The average laptop lasts about 6 hours, according to manufacturers, despite a few standouts (the ThinkPad X240 can go for 17 hours).

Compare that to tablets, where the average reported battery life is just under 10 hours.

It’s worth noting that 10 hours is by far the most common vendor-reported battery life for tablets. This could be because tablet-makers have learned they must hit 10 hours to be taken seriously. More cynically, it could be a particularly egregious example of number-fudging. Either way, the gap is big enough to hand tablets the victory.

Connectivity: Tablets have little room to spare

It’s the last thing you think about when you’re buying the device, and often the first problem that comes up at home: ports and connectivity.

Tablets have come a long way since the original iPad, which featured nothing more than a 30-pin charge port. But they still lag far behind laptops in connectivity.

Virtually every laptop on the market (in 2013 and 2014) has a USB port, we found, compared to only 27 percent of modern tablets. The discrepancy is similar for HDMI ports, at 82 percent (laptops) versus 15 percent (tablets).

A typical projector or printer will almost always work with your laptop, and will rarely ever work with your tablet. Today, that’s still a problem.

Yes, tech companies have built various workarounds for tablets, like Apple TV for the iPad or Chromecast for the Nexus, but neither has the same universal reliability of plugging an HP LaserJet into your Lenovo ThinkPad. There’s just no consistency in the world of tablets, so individual vendors have had to form separate, proprietary solutions.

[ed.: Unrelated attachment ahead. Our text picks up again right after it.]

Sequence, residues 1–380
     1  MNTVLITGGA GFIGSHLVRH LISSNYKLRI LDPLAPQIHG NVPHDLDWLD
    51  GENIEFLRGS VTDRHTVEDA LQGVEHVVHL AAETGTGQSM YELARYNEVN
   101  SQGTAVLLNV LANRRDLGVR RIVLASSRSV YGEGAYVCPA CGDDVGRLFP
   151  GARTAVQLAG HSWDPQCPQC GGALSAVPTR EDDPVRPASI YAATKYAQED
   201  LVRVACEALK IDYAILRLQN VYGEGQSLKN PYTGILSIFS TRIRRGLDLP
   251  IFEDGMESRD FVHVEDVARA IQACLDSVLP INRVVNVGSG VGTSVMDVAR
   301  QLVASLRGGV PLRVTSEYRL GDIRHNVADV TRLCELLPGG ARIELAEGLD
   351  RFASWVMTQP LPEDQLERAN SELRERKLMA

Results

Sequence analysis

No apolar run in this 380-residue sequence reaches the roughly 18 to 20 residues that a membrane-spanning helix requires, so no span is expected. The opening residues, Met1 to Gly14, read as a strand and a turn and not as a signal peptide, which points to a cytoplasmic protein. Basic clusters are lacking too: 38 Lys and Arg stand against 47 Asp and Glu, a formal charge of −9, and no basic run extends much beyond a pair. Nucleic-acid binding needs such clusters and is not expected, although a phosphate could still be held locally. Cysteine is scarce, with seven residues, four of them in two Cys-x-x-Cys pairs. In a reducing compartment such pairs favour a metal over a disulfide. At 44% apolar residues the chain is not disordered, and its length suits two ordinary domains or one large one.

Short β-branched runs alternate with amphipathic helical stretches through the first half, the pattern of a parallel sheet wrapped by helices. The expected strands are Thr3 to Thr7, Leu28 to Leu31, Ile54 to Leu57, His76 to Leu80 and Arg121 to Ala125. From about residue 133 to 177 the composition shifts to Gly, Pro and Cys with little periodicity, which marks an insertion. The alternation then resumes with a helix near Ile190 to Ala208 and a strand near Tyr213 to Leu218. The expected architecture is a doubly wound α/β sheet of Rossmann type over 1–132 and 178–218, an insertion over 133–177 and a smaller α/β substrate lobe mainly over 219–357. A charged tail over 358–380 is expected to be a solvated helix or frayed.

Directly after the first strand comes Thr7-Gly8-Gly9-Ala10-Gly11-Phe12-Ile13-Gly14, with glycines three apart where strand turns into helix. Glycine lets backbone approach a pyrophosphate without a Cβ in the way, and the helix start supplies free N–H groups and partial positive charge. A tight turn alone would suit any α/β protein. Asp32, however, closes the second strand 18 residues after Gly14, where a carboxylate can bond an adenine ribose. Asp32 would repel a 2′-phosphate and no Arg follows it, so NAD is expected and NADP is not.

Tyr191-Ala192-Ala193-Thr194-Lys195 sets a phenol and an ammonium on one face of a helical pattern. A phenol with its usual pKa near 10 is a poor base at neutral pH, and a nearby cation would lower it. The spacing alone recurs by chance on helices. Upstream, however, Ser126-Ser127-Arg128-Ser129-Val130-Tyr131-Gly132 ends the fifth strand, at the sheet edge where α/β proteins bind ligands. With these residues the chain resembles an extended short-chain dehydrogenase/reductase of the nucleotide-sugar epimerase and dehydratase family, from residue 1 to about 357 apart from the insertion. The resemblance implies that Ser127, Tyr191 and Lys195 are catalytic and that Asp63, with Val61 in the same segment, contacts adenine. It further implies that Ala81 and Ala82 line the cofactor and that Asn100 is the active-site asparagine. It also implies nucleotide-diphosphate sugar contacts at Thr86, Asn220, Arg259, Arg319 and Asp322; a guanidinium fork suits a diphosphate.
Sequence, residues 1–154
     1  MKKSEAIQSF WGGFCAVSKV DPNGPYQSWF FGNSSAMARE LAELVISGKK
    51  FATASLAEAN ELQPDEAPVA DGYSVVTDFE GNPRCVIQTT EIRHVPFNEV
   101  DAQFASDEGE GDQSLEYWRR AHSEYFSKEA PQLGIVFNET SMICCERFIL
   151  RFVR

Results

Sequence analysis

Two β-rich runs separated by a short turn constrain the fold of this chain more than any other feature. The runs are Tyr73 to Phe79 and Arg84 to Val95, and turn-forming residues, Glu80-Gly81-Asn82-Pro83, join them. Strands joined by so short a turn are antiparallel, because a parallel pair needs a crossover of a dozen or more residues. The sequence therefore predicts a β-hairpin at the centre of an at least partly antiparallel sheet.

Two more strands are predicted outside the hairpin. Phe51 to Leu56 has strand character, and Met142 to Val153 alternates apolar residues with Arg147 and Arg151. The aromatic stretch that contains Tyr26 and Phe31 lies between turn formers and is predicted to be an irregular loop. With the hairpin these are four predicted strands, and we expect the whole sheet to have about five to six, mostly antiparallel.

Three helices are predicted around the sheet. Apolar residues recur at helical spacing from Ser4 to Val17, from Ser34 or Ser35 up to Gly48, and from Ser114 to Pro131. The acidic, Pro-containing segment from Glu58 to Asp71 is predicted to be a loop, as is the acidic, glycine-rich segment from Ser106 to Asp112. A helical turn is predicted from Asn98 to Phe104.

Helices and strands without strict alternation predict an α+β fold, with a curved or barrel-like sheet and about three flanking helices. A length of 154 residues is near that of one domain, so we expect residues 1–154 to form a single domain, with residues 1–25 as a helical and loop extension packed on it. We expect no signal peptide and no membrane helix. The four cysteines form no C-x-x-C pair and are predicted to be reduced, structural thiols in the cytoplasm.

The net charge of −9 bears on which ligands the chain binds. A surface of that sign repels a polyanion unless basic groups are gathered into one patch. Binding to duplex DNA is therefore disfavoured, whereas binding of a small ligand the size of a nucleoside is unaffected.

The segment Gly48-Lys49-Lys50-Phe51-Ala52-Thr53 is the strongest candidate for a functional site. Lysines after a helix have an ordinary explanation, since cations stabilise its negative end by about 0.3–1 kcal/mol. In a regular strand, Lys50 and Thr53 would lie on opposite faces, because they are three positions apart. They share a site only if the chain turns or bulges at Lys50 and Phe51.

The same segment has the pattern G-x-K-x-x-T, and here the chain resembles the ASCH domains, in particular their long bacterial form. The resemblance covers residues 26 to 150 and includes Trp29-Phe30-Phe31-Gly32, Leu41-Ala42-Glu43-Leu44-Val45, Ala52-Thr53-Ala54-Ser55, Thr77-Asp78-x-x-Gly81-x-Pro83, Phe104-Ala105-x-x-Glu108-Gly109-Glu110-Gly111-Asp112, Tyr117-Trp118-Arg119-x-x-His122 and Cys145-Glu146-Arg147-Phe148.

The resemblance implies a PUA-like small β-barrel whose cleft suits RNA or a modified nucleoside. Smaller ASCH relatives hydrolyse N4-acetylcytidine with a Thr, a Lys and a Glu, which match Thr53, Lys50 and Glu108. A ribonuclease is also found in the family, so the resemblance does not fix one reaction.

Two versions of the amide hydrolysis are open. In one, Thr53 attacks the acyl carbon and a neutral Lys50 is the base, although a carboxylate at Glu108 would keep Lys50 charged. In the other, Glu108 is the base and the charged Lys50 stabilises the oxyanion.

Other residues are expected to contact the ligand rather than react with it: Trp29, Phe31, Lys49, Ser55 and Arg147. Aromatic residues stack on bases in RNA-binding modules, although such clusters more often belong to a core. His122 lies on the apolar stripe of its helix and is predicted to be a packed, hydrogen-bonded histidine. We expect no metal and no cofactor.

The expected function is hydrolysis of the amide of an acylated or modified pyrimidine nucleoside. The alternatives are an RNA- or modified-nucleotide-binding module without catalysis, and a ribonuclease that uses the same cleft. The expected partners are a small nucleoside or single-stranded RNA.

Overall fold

The closest thing to a standard on tablets is the micro-USB, which you can find on 57% of devices. That’s progress, but that’s nothing like good ol' USB.

Laptops win, but tablets are learning

The laptop remains safe—for now. In three out of five productivity specs, the tablet failed to compete.

But the tablet is making progress, riding its battery-life advantage and banking on new technologies (like cloud storage, Chromecast, and Airplay) to overcome its remaining deficiencies. We’ll have to wait and see whether Microsoft’s claim was ultimately wrong…or just a little early.

Behind the Spec Sheet seeks to draw new insights based on hardware data. Produced by FindtheBest, a company that aggregates specs and features in a centralized database, this weekly guest column will share data-driven discoveries and surprises, and attempt to expose common misconceptions.